Schopenhauer: the best sales rep
In 1864, Arthur Schopenhauer wrote The Art of Being Right, in which he sets out tricks and stratagems for always giving the impression that you’re right. The impression! The idea is to show that you can always appear to be right, even if you’re wrong. A true source of inspiration.
“But it’s a book that preaches being underhanded!” you will say. Yes and no. It also gives you the tools to thwart all the manipulation techniques used by clients, who are never short on ideas for explaining why your competitors are better and less expensive. Both parties use dialectics to influence and persuade each other.
Schopenhauer’s book contains 38 stratagems for outmaneuvering others. We have selected five:
Conceal your game
Just like in Poker, you have to be discreet and keep an ace up your sleeve! Don’t be predictable. You can’t let your opponent see what your next move is. Don’t lay all your cards on the table and don’t be as forthcoming as possible if it means revealing a weakness! Example: Clients will have trouble pulling the trigger if they know they’re the first to purchase a product, but there has to be a first customer for every product!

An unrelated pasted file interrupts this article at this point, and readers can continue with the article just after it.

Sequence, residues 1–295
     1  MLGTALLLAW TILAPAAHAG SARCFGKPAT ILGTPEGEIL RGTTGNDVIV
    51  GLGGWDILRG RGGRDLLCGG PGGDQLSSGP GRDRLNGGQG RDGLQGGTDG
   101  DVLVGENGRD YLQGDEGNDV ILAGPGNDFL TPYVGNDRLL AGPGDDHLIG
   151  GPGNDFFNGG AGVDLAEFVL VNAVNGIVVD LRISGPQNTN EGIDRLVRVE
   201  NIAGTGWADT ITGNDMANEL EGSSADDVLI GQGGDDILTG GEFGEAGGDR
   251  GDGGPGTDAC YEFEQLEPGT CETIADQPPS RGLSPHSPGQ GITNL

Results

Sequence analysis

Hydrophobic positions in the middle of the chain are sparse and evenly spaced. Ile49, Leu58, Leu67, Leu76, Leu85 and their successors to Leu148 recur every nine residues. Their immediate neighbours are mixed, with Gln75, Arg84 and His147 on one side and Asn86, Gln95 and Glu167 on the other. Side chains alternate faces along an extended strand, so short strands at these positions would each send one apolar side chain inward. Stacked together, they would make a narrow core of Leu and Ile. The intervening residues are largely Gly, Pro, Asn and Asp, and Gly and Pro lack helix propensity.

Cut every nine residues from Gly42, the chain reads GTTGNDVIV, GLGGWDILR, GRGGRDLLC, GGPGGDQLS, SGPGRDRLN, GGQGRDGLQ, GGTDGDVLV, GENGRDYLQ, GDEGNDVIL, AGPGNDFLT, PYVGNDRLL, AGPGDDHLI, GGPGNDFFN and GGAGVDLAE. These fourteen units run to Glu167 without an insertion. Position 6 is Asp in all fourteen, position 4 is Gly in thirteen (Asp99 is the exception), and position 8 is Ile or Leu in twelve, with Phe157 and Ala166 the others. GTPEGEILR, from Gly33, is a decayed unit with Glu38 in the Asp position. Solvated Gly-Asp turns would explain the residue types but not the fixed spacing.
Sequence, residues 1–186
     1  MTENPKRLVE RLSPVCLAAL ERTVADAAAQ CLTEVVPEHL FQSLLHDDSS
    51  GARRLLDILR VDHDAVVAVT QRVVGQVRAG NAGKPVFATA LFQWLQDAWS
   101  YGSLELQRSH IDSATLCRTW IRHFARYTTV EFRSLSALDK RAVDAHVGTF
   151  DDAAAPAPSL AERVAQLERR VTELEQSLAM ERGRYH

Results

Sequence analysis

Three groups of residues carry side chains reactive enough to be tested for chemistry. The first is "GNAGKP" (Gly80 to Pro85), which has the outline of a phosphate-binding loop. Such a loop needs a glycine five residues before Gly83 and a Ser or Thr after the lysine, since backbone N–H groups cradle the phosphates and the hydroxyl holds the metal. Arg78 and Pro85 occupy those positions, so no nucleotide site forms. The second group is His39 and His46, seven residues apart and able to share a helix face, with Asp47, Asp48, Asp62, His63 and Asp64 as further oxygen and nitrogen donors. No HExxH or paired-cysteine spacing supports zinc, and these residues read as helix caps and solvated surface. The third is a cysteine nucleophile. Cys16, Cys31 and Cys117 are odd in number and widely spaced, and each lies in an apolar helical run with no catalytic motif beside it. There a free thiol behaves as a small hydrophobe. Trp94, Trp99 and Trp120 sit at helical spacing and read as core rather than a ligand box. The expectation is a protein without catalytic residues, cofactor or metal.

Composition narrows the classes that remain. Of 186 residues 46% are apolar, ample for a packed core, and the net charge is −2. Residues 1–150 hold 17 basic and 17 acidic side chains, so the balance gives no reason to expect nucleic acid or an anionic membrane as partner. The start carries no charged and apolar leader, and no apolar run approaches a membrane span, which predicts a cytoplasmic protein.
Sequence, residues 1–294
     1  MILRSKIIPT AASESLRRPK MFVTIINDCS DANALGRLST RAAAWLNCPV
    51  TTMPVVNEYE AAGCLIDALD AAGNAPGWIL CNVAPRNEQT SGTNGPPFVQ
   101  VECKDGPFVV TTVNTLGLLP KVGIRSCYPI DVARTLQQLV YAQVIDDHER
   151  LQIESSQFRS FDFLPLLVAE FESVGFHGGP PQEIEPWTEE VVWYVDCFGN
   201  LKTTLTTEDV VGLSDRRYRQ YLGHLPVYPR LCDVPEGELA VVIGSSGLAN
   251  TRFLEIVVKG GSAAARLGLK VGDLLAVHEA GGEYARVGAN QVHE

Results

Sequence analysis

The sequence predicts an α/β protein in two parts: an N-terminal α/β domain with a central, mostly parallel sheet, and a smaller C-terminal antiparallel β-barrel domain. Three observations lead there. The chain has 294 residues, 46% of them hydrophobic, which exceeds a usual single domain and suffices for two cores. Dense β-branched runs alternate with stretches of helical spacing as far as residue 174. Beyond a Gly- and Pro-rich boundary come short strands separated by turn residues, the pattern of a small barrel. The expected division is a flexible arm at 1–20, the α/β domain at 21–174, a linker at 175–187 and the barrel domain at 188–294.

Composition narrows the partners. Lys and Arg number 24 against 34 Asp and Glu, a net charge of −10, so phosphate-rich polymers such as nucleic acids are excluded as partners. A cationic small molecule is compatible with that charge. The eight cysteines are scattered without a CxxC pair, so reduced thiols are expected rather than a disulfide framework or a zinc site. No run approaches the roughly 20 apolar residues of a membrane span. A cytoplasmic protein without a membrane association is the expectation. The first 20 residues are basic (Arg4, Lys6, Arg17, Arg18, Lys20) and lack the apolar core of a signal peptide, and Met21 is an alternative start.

Appeal to authority
You need a third party to appeal to authority. A third party not taking part in the conversation and, if possible, impossible to question or too vague to define. That’s tough to counter. Example: “It’s the market that sets the prices, not me.”
Categorize your opponent
The idea here is to lump your opponent’s assertion together with a theory that’s frowned upon or an unpopular opinion. Example: I see what you mean but everyone does that these days.
if the discussion turns in your opponent’s favor, you can take back the advantage by introducing a red herring and insisting that’s it’s relevant to the conversation, even if that’s not the case.
Example: Seeking trade-offs in a negotiation where the client asks you to lower your prices is a good example of this tactic.
Anger your opponent (careful with this one)
Once your opponent is angry and it shows, Schopenhauer explains that you should point that out immediately and harp on it. Anger clouds people’s judgment. It makes them focus more on themselves and their undermined authority than on their real interests and the quality of their arguments.
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